2 scenic road journeys (longest 4/5hrs); 2 boat journeys (1.5hrs).
Small, friendly hotels, colonial or modern in style with well-equipped rooms, private bathroom and heating.
Breakfast daily, lunch day 4.
We carefully select our local partners, some of whom we have worked with for over 25 years. Their English-speaking guides understand the expectations of our clients very well, and are consistently singled out for praise by the latter on their return.
- Jeep tour in Rio – Corcovado Mountain and Santa Teresa District
- Schooner boat trip around the bay and islands of Paratí
Summary of nights
9 days, 8 nights: Rio 2; Paratí 2; Ilha Grande 3; Rio 1.
Included in the journey price
- Services of our team of experts in our London office.
- Services of Journey Latin America local representatives and guides.
- All land and air transport within Latin America.
- Accommodation as specified.
- Meals as specified.
- Excursions as specified.
Not included in the journey price
- Tips and gratuities.
- Meals other than specified.
- International flights to Latin America.
- Optional excursions.
There are a number of half-, full-day or longer excursions or activities you may wish to consider in order to customise your holiday to cater for your interests. Please contact us to discuss these further or to add them to your itinerary before you depart. A selection of these:
- Cable car ride up Sugar Loaf Mountain
- Rio by Night – Samba show
The unit of currency in Brazil is the ‘real’ (plural reais).
A budget of around US$40-$70 per day should cover the cost of not-included meals, drinks, local transport, tips and the odd souvenir. Prices of meals and drinks in standard restaurants are more or less the same as in Britain, perhaps a bit cheaper.
How to take it
Cash machines are available in all major cities and towns, and so taking a debit or credit card with a PIN number is the most convenient way of withdrawing money while on your trip, and in most shops and restaurants you can also pay by card. However, since cards can get lost, damaged, withheld or blocked, you should not rely exclusively on a card to access funds. We recommend that additionally you take a reasonable quantity of US dollars cash (no more than is covered by your insurance), which you can exchange into local currency, and possibly some travellers’ cheques, though these are gradually falling out of use (American Express are the most widely accepted). Dollar bills should be in good condition, soiled or torn bills may be refused. You can take sterling, but the exchange rate is not always competitive or even available, restricting the number of places where you can change money. There are no ATMs in Ilha Grande, be sure to change money to local currency before you go there.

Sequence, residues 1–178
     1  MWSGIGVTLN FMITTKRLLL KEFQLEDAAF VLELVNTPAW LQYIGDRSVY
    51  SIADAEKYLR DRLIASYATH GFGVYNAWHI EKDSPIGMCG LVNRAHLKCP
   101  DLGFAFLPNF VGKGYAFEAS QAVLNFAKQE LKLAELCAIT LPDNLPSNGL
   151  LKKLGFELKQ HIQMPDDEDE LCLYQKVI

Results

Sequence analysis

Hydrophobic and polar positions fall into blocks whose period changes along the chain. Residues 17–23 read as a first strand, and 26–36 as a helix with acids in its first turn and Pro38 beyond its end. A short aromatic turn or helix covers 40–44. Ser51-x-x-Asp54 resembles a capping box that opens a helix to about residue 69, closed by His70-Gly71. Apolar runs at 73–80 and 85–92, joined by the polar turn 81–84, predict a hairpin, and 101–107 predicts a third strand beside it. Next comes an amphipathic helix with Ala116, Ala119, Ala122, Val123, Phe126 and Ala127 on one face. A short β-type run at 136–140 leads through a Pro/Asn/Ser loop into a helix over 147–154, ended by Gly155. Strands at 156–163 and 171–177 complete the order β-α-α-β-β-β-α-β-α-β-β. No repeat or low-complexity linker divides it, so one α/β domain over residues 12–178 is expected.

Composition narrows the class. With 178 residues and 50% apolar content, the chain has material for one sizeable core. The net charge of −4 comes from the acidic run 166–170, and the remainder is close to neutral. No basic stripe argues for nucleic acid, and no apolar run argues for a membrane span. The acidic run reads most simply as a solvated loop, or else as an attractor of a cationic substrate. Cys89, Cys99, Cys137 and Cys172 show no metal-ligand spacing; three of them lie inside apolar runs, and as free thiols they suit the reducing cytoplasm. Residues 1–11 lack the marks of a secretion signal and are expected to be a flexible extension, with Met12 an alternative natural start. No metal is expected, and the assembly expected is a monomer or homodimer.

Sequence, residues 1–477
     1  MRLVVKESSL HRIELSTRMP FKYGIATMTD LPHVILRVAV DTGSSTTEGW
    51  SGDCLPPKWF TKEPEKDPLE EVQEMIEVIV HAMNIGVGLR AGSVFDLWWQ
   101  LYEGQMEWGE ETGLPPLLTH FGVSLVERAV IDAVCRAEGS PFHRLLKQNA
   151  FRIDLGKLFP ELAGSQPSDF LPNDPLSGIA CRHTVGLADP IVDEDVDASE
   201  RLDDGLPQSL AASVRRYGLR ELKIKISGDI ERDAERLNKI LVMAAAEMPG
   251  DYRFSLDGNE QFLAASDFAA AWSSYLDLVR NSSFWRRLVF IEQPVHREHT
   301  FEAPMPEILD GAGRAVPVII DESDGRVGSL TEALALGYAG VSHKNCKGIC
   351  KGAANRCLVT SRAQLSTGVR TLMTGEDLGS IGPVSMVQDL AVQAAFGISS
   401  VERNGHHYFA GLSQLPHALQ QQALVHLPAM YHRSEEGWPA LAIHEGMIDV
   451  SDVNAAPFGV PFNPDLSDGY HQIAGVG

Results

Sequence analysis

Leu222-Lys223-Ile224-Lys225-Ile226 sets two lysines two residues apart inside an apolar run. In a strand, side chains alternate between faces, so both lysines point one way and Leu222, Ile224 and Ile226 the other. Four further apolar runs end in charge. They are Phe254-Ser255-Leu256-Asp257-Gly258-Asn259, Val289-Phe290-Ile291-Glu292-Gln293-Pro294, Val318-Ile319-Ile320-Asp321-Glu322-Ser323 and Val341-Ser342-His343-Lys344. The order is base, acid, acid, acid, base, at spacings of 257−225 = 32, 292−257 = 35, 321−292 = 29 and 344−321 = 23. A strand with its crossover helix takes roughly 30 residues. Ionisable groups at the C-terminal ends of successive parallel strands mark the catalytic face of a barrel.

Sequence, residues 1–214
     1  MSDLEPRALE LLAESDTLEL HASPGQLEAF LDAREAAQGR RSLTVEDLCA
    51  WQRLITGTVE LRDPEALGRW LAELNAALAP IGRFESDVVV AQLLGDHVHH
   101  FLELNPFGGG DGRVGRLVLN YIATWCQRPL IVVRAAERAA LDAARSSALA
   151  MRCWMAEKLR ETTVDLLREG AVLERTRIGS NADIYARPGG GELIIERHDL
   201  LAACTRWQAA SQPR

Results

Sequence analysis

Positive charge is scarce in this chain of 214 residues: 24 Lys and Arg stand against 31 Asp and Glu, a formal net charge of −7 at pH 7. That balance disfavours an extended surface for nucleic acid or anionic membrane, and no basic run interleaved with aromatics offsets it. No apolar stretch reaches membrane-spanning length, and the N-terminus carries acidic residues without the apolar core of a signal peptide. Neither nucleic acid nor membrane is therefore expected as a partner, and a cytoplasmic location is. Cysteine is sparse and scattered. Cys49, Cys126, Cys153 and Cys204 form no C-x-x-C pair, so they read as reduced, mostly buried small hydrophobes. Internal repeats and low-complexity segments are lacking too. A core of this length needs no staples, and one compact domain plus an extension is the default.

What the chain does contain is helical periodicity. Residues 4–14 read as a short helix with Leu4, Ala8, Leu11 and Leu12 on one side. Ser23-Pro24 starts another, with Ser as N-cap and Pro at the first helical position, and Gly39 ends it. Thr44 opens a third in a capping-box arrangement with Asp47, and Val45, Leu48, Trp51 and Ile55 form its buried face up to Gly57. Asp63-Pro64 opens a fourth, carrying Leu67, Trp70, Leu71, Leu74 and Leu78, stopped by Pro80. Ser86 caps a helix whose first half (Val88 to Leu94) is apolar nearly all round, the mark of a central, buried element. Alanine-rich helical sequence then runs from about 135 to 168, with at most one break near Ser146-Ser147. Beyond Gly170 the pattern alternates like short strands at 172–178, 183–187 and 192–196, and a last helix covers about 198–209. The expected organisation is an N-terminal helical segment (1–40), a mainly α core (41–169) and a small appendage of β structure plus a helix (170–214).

Tips are expected and local guides often rely on their tip as a significant proportion of their income.
Most service industry workers will expect a tip of some kind and so it is useful to have spare change for hotel porters, taxi drivers and the like. It is common to leave 10 - 12% in restaurants.
Tipping guidelines can be found in our Briefing Dossier
Travel insurance is essential.
Details of our recommended policy can be found on the Travel Insurance
If you have purchased your flights through Journey Latin America, the international departure tax is usually included in the ticket.